In 2002, the George W. Bush administration abrogated the ­Anti-Ballistic Missile Treaty with Russia, paving the way for a U.S. missile defense buildup in Europe. Last year, the Trump administration pulled out of the Intermediate-Range Nuclear Forces Treaty, or the INF Treaty, with Russia, citing Russian violations.

Beyond those pacts, Sen. Tom Cotton (R-Ark.) has pushed for the Trump administration to withdraw from the Comprehensive Nuclear Test Ban Treaty, which has yet to enter into force, as well as the Treaty on Open Skies.

“Like so many treaties with Russia, the Open Skies agreement was negotiated and signed with good intentions, then abused by Moscow for maximum advantage,” Cotton wrote late last year in an op-ed piece in The Washington Post. He has argued that the pact is giving Russia spying capability that Moscow wouldn’t otherwise possess and that it doesn’t give the United States any intelligence that isn’t available elsewhere.

Cotton praised the Trump administration’s decision Thursday, but some Republican elder statesmen criticized the move, including Gen. Michael V. Hayden, a senior intelligence official in the George W. Bush administration. “This is insane,” he tweeted, adding that he previously served as CIA director.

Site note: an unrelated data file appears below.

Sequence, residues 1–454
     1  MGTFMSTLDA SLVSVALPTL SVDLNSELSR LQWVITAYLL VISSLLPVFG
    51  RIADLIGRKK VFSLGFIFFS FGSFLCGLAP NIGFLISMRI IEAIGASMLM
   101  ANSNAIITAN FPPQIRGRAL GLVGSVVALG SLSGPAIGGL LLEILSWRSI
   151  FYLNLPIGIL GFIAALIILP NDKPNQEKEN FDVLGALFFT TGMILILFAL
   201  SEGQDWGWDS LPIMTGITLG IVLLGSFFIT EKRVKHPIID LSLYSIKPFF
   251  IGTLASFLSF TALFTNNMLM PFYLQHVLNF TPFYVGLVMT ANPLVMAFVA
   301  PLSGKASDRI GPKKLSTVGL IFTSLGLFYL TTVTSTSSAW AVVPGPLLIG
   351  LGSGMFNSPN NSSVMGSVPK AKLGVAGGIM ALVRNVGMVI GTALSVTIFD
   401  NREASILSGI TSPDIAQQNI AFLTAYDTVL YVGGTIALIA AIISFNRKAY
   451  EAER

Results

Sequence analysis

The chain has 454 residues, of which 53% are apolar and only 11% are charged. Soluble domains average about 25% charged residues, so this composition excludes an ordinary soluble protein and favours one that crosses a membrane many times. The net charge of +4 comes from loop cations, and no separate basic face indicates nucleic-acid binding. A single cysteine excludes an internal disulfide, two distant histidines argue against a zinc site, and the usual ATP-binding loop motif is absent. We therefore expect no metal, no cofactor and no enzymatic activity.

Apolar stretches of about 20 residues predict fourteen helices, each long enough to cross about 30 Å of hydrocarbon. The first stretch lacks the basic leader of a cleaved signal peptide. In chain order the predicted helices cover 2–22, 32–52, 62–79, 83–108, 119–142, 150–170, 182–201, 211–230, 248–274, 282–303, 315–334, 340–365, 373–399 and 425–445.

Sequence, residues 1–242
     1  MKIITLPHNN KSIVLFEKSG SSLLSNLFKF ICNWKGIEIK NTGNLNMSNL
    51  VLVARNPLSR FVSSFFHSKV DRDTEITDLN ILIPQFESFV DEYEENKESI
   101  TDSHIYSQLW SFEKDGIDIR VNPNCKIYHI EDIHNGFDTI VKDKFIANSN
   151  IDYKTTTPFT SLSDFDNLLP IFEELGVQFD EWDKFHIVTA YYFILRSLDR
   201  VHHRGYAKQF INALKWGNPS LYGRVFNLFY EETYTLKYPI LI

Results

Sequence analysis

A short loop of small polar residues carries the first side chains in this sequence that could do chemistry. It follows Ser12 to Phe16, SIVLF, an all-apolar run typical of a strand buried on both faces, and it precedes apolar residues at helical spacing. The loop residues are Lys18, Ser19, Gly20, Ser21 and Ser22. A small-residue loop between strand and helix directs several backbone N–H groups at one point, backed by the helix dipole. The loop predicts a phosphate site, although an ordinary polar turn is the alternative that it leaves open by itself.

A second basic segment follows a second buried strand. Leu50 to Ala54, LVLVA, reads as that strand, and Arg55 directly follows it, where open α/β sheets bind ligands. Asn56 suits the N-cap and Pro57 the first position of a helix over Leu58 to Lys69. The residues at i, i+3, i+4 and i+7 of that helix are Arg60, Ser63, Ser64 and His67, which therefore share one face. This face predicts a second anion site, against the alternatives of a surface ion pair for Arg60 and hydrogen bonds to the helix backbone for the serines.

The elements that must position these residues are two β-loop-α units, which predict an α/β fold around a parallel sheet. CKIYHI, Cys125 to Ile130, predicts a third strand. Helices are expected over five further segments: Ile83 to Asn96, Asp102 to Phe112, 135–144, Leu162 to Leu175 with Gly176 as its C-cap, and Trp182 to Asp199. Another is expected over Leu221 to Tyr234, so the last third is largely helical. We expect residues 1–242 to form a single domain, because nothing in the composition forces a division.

Sen. Robert Menendez (N.J.), the top Democrat on the Senate Foreign Relations Committee, described the administration’s decision to withdraw as reckless. He said Congress mandated that the administration provide a review period before withdrawing from the treaty and accused the administration of risking violating the law by failing to do so.

“The timing of the Trump administration’s decision to withdraw is clearly tied to the political calendar,” Menendez said in a statement. “By rushing this abrupt withdrawal, it is clear the Trump Administration is attempting to bind a future administration from participation in this long-standing and valuable treaty for our nation.”

Russian Foreign Minister Sergei Lavrov said in April that the Trump administration is averse to any limits on its military, particularly over U.S. territory.

“The Americans, the current administration, conceptually, fundamentally have an aversion to any kind of control over American military activity, especially when that control is exercised on or over U.S. territory,” Lavrov said. He said he doubted that other countries would withdraw.

“Will other countries follow the Americans? I doubt it,” he said. “Europeans seem to me to understand that the agreement has added value as an instrument of trust, an instrument of predictability, transparency, and that is how we see it.”